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Que a categoria em ENGLISH - ETYMOLOGY
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English - Etymology

From Old French _comander_ (modern French _commander_), from Vulgar Latin *_commandare_, from Latin _commendare_, from _com-_ + _mandare_, from _mandō_ (“I order, command”). Compare _commend_, _mandate_.

From Old French comander (modern French commander), from Vulgar Latin *commandare, from Latin commendare, from com- + mandare, from mandō (I order, command). Compare commend, mandate.

Que a categoria em ENGLISH - PRONUNCIATION
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English - Pronunciation

* (Received Pronunciation) IPA(key): /kəˈmɑːnd/ * (General American) IPA(key): /kəˈmænd/ * Hyphenation: com‧mand

Que a categoria em ENGLISH - NOUN
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English - Noun

COMMAND (_plural_ COMMANDS) * An order to do something. _I was given a COMMAND to cease shooting._ * The right or authority to order, control or dispose of; the right to be obeyed or to compel obedience. _to have COMMAND of an army_ * power of control, direction or disposal; mastery. _he had COMMAND of the situation_ _England has long held COMMAND of the sea_ _a good COMMAND of language_ * A position of chief authority; a position involving the right or power to order or control. _General Smith was placed in COMMAND._ * The act of commanding; exercise or authority of influence. _COMMAND cannot be otherwise than savage, for it implies an appeal to force, should force be needful._ (_H. Spencer_, Social Statics, p. 180) * (military) A body or troops, or any naval or military force, under the control of a particular officer; by extension, any object or body in someone's charge. * 1899, Joseph Conrad, _Heart of Darkness_, section 1 I asked myself what I was to do there, now my boat was lost. As a matter of fact, I had plenty to do in fishing my COMMAND out of the river. * Dominating situation; range or control or oversight; extent of view or outlook. * (computing) A directive to a computer program acting as an interpreter of some kind, in order to perform a specific task. * (baseball) The degree of control a pitcher has over his pitches. _He's got good COMMAND tonight._ TRANSLATIONS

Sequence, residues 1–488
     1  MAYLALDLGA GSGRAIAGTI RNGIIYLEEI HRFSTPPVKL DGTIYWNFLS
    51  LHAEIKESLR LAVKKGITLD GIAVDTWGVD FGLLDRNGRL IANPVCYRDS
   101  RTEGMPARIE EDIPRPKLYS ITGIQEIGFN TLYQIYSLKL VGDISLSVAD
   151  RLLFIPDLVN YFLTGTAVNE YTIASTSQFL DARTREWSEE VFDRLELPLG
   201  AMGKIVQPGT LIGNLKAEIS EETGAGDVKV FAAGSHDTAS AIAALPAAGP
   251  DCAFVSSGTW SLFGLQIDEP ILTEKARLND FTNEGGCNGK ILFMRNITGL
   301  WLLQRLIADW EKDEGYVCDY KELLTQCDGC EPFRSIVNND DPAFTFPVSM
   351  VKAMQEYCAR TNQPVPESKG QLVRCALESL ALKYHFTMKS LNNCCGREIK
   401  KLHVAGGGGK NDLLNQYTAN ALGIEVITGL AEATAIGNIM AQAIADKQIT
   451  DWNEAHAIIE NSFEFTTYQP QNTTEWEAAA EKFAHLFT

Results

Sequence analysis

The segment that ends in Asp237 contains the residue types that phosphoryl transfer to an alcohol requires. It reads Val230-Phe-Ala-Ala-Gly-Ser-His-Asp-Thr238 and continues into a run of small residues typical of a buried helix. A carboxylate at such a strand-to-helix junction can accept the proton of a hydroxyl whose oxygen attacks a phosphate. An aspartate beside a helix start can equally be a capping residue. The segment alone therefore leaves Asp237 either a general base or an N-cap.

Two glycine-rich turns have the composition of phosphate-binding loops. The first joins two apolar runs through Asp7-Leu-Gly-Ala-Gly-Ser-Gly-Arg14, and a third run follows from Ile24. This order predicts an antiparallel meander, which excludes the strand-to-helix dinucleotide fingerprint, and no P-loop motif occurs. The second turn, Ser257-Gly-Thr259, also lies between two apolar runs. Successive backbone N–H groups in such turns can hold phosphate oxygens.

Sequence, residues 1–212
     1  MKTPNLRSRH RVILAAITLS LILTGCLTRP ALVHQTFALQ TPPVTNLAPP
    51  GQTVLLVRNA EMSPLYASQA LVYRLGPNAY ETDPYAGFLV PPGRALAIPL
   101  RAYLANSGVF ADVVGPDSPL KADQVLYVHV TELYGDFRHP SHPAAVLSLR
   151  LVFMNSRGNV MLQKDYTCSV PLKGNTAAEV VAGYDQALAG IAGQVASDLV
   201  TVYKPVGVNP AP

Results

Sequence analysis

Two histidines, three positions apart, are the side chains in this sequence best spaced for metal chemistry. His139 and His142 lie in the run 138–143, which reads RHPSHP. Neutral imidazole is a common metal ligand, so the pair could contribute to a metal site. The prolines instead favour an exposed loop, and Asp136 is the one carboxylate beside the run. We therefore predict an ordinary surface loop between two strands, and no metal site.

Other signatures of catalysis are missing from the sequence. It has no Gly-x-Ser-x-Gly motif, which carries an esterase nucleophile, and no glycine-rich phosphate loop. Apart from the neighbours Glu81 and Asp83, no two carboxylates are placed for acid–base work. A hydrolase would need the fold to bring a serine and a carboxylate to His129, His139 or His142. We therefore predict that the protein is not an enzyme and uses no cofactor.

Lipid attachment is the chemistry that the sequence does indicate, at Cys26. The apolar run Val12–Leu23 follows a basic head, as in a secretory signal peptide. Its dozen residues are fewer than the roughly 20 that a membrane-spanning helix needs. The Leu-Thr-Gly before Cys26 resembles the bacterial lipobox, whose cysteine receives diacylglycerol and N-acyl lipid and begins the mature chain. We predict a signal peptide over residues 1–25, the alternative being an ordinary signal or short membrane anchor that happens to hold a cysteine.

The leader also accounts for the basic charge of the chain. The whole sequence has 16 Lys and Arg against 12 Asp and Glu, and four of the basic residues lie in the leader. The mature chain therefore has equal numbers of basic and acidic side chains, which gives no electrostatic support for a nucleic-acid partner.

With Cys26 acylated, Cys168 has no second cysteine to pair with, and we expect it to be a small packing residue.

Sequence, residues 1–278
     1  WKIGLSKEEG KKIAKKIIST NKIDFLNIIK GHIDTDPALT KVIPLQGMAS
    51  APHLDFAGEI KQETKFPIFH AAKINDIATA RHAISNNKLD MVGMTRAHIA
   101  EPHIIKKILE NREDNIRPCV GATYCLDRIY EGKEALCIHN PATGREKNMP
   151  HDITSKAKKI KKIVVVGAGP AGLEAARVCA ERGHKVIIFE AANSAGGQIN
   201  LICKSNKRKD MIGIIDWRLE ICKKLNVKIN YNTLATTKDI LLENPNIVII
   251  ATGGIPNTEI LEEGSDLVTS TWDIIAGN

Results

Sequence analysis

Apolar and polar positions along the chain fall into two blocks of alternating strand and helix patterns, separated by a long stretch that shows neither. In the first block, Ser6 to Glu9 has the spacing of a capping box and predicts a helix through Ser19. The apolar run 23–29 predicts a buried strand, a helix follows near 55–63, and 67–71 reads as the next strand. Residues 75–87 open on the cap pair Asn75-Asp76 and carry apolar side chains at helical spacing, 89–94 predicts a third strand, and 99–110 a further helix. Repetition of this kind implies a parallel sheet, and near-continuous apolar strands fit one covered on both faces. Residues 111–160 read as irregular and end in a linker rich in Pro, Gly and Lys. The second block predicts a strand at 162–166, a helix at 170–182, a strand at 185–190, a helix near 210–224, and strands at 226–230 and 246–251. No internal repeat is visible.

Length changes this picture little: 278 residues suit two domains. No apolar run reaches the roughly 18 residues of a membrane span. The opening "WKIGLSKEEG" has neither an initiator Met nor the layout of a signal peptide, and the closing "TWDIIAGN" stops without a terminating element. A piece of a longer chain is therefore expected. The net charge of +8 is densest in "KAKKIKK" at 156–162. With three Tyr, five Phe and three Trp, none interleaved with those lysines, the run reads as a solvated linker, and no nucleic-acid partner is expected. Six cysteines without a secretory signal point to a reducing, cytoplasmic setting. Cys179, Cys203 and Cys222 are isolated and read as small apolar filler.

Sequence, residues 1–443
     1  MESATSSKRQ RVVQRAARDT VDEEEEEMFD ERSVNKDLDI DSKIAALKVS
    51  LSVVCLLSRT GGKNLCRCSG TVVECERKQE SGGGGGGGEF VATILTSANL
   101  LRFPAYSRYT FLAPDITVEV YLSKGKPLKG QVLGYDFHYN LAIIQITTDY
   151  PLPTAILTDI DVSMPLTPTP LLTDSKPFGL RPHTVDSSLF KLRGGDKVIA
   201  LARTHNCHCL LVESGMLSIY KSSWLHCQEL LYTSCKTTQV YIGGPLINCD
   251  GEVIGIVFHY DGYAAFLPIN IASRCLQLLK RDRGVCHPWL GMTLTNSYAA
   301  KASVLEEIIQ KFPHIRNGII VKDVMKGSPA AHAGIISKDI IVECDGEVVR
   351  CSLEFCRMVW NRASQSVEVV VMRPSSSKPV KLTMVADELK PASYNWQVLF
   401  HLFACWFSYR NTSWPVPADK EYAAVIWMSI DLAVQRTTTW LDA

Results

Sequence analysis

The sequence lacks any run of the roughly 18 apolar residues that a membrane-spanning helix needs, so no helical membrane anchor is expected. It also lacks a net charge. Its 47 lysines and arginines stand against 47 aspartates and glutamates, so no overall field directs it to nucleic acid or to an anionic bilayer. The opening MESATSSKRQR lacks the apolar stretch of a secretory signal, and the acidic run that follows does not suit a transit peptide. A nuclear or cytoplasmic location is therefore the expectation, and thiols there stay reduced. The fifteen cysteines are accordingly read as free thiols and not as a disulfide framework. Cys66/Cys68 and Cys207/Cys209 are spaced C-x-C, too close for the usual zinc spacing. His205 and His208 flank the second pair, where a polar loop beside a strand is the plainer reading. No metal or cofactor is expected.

command (plural commands)

  1. An order to do something.
    I was given a command to cease shooting.
  2. The right or authority to order, control or dispose of; the right to be obeyed or to compel obedience.
    to have command of an army
  3. power of control, direction or disposal; mastery.
    he had command of the situation
    England has long held command of the sea
    a good command of language
  4. A position of chief authority; a position involving the right or power to order or control.
    General Smith was placed in command.
  5. The act of commanding; exercise or authority of influence.
    Command cannot be otherwise than savage, for it implies an appeal to force, should force be needful. (H. Spencer, Social Statics, p. 180)
  6. (military) A body or troops, or any naval or military force, under the control of a particular officer; by extension, any object or body in someone's charge.
  7. Dominating situation; range or control or oversight; extent of view or outlook.
  8. (computing) A directive to a computer program acting as an interpreter of some kind, in order to perform a specific task.
  9. (baseball) The degree of control a pitcher has over his pitches.
    He's got good command tonight.

Translations

Que a categoria em ENGLISH - VERB
Informações sobre o assunto

English - Verb